This story appears in the Jan. 28, 2019, issue of Sports Illustrated. For more great storytelling and in-depth analysis, subscribe to the magazine—and get up to 94% off the cover price. Click here for more.
Designating golf holes as masterpieces often triggers vehement debate, but you can make a rock-solid case for the 13th at Augusta National. The elevated tee box, nestled between perfectly manicured hedges, rests in shade provided by towering Chinese fir trees. The green isn't visible from the tee, as the hole swerves left after some 270 yards. The fairway slopes hard from right to left, and azalea shrubs—always in bloom, those azaleas—pair with a creek to guard the left side of the 510-yard par-5.
Everything about the hole entices players to stay right of center, toward a generous landing area and away from all that gorgeous trouble. But bailing out right leaves an uneven lie and a longer shot into a tricky green. Players who successfully challenge the left side of the fairway have their boldness rewarded by a flat lie and an unimpeded look at glory. Still, their approach shot has its own calculus, as the dramatically sloped putting surface is protected by water in front and four bunkers on the left and back edges. Laying up essentially takes bogey out of the cards. Going for the green in two can lead to a crowd-roaring eagle—or a round-busting big number.
It's a classic risk-reward hole, just as Alister MacKenzie imagined it when he designed the course in 1931.
On the final day of the 2018 Masters, eventual champion Patrick Reed stood over his ball on that iconic 13th tee and blasted his drive over the dogleg and past MacKenzie's obstacles, trivializing the fairway's nuances and leaving his ball just 186 yards from the hole. One of the most vexing par-5s ever conceived had been turned into a mid-length par-4 by a player who ranked 80th in driving distance on the PGA Tour last season.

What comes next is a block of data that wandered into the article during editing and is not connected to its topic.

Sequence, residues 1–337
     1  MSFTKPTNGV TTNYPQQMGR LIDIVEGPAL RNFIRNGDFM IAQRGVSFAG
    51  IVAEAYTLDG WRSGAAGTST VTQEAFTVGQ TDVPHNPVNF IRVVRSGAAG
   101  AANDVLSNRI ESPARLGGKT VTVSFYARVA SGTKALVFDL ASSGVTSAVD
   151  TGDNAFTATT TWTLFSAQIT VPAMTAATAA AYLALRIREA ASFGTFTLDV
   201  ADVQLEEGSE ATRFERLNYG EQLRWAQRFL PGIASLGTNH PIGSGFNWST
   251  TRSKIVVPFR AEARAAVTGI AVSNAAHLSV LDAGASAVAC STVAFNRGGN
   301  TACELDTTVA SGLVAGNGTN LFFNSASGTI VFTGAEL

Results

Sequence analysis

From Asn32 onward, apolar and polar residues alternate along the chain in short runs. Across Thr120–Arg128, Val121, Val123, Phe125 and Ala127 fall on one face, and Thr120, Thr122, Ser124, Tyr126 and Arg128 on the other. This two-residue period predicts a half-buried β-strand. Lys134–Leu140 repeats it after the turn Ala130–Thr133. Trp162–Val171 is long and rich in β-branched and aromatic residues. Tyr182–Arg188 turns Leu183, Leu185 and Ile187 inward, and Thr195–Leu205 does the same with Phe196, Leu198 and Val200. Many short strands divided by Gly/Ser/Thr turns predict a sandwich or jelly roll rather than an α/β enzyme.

It's an increasingly common occurrence in today's game: classic golf holes being rendered borderline obsolete by the modern player and state-of-the-art equipment. And it's why the golf world is anticipating the release of the Distance Insights project, a joint report from the USGA and the R&A that could determine that the golf ball has gone too far. In 1992 the average Tour driving distance was 260.52 yards. In 2018 it was up 13%, to 295.29 yards. "Imagine baseball not being able to have games at Wrigley Field or Fenway Park," says Andy Johnson, whose website, The Fried Egg, has emerged as an authoritative voice on golf course architecture. "That's where we we're headed."
Before atmospheric and turf conditions come into play, three factors go a long way in determining how far a golf ball will travel: the swing, the club and the ball. The swing generates momentum; the club transfers it into the ball; and the dimpled sphere cuts through the air. It comes as no surprise, then, that significant advancements in all three components have resulted in a distance explosion. Better chassis design + better tires + better oil = faster car.
The swing is an extension of the golfer—or, in more recent memory—the athlete. Tiger Woods's influence on the sport is immeasurable, but his greatest impact might have been on the power of golfers. Woods famously spent as much time running and lifting weights and working out with Navy SEALs as he did honing his swing, setting a standard that led to nearly everyone on Tour having a fitness regimen. His transcendent success also attracted more natural athletes to pick up clubs. Dustin Johnson, currently ranked No. 3 in the world, is cut like a beach volleyball player; Brooks Koepka, the current No. 2 who won the 2018 U.S. Open and the PGA Championship, brings to mind an NFL safety.
Stronger, more flexible players generate greater swing speed, but athleticism is nothing without refined skill. Invented in 2005 by Danish radar engineers, the Trackman is a 3-D launch monitor that equips players and teachers with a better understanding of ball-flight physics. The device, a thin square that gets propped up a few feet behind the ball and sends its data to a mobile app, quantifies virtually every aspect of the golf shot, including but not limited to swing speed, club path, club angle of attack, ball speed, ball launch angle, ball spin rate, carry distance and overall distance.
A player immersing himself in such data a decade ago was thought to be diving too deep into his own head at the expense of basic fundamentals and the feel of his swing. Now the Trackman box (starting price $18,995) and its competitors are as ubiquitous on PGA Tour practice ranges as alignment sticks and swing coaches.